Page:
GitLab released the latest version of its namesake platform that leverages Kubernetes to automate the handling of code on its journey to being a running application. The move comes as the online Git repository manager is riding an attention bump following Microsoft’s $7.5 billion acquisition of GitHub.
GitLab CEO and cofounder Sid Sijbrandij said the 11.0 update basically allows developers to push code and the platform does the rest. That includes building, testing, code quality scanning, security scanning, license scanning, packaging, performance testing, deployment, and application monitoring.
“These things are normally a time sink in that there are plugins that need to be added and endpoints need to be set,” Sijbrandij explained. “Now with this update those things just happen.”
Sijbrandij describes the process as “auto DevOps” that runs on top of Kubernetes. “Auto DevOps would not be possible without Kubernetes,” he said. “The ability to spin up new processes is the real superpower and is what we get from the integration.”
GitLab in April announced a deal with Google to support automated container cluster deployments using Kubernetes. That deal includes native Google Kubernetes Engine (GKE) integration, which allows users to connect their current managed Google container account into GitLab. That integration then allows for the automatic creation of Kubernetes-managed clusters that are fully managed by Google and run on Google Cloud Platform (GCP).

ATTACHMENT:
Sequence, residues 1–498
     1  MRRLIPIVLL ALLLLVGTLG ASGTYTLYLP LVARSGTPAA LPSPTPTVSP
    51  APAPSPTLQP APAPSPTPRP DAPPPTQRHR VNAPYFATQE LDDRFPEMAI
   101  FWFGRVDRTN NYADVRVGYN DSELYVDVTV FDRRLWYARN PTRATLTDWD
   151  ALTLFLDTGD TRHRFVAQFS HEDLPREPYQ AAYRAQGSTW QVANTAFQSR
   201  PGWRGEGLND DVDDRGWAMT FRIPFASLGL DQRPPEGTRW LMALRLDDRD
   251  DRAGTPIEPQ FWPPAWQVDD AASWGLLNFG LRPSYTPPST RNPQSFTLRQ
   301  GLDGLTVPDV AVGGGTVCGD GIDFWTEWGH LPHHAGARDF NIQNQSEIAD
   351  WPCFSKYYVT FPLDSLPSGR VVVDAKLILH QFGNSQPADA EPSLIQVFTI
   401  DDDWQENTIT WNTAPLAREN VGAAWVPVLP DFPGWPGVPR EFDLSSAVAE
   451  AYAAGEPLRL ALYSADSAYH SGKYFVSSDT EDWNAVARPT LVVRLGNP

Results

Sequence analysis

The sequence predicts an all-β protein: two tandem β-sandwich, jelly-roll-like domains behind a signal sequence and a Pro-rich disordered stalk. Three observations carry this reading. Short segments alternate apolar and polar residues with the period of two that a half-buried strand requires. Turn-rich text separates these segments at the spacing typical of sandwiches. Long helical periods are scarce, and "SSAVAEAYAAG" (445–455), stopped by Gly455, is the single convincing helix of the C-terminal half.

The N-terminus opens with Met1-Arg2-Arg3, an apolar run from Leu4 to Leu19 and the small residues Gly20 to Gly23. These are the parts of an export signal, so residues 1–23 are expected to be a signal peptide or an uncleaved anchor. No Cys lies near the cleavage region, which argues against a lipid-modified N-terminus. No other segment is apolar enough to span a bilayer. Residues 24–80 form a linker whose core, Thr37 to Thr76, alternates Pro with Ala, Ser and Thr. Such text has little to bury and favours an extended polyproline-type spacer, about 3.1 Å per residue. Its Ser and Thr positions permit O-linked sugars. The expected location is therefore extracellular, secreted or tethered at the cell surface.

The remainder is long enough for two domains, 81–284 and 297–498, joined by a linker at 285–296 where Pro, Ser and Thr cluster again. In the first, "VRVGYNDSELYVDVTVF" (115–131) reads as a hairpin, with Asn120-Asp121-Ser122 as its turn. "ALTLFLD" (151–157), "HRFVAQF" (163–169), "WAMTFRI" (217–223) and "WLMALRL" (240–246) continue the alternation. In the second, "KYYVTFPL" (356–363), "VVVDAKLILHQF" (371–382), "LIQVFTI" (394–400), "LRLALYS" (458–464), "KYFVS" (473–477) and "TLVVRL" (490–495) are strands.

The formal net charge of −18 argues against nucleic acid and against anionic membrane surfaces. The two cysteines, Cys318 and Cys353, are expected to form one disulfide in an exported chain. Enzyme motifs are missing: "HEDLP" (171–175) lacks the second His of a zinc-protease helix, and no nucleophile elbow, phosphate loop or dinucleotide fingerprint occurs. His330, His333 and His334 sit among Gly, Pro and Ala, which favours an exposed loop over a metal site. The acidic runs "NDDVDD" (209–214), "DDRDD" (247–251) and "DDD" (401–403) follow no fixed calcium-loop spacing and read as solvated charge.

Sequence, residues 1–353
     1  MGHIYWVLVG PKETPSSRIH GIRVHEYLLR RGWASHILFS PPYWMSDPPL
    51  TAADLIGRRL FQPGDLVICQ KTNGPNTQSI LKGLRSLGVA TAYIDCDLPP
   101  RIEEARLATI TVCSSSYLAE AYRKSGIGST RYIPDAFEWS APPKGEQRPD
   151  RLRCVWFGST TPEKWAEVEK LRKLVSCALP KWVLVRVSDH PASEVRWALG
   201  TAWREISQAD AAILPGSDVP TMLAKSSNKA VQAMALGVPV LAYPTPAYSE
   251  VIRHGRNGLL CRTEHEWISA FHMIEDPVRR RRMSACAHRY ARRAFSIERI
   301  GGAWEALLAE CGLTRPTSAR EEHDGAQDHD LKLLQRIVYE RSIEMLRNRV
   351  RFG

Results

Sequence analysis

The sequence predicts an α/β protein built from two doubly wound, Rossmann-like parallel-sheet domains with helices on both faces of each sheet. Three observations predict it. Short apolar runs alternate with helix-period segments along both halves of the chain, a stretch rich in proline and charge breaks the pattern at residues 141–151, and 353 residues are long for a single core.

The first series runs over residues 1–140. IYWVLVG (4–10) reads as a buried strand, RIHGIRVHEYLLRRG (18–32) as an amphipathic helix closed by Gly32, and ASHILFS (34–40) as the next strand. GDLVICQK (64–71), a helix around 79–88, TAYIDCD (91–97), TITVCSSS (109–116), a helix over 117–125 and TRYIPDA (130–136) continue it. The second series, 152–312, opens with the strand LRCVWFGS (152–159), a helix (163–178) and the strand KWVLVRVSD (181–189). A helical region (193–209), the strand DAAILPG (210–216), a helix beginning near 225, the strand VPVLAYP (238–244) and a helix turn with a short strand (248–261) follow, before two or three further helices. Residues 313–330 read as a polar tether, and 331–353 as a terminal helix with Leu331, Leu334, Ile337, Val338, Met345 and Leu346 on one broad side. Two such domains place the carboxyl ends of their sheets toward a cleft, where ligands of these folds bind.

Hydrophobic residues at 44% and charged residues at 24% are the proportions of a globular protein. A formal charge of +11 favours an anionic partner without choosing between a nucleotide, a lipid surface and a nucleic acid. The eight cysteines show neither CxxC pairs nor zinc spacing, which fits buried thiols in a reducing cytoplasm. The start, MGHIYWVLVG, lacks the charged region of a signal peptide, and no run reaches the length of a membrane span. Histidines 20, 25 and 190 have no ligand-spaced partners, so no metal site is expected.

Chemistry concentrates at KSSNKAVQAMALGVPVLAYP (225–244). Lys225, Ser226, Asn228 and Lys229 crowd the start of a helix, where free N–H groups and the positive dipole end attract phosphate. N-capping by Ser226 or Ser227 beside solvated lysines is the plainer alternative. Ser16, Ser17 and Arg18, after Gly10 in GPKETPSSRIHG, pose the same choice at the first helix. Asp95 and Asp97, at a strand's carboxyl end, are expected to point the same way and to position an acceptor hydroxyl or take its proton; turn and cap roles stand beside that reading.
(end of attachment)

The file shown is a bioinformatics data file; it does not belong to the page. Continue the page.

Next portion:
“It been everything we had hoped for,” Sijbrandij said of GitLab’s work with Kubernetes. In fact, he notes that GitLab is currently working on ways to use Kuberenetes as the basis for an idling feature that would take non-running containers offline so they don’t consume compute or financial resources. That ability is similar to advantages touted by serverless platforms, which only run when needed.
On the topic of serverless, Sijbrandij said GitLab is increasing its focus in that arena. That includes working with a partner on a platform that could tap into serverless offerings like OpenFaaS and Kubeless.
While not yet ready to provide details on that serverless work, he did note that developers are challenged by serverless due to a lack of visibility into serverless deployments and not being able to have revision control.
“There is not really a clear leader yet in open source serverless, but we think with a partner we can make something that is useful,” Sijbrandij said.
GitLab is also gaining more attention following Microsoft’s plans to acquire GitHub for $7.5 billion. That deal drew barbs from some in the open source community averse to Microsoft buying control of one of the ecosystem’s largest code repositories.
GitLab, which offers a similar platform to GitHub, said at that time that it had imported more than 100,000 repositories and seen a 7x increase in orders shortly after the Microsoft deal was announced. It was looking to capitalize on the deal by offering discounts on its top-tier plans.
“There are users that were concerned with the Microsoft deal and moved to GitLab,” Sijbrandij said. “But I think that will be temporary.”
Sijbrandij said that long term he thinks users might take a longer look at GitLab as their platform of choice because of what he said was a more comprehensive DevOps approach.
“Many were satisfied with GitHub, but see that they can do more with GitLab,” Sijbrandij said. “This will create more opportunities and open some doors for us. Anything that gets more awareness on how we are different is good.”
As for longer-term financial ramifications from the GitHub acquisition, Sijbrandij noted that the deal “puts a valuation out there, and it was high.” GitLab itself last year closed on a $20 million Series C funding round from Google Ventures, which Sijbrandij said has the company “well financed.”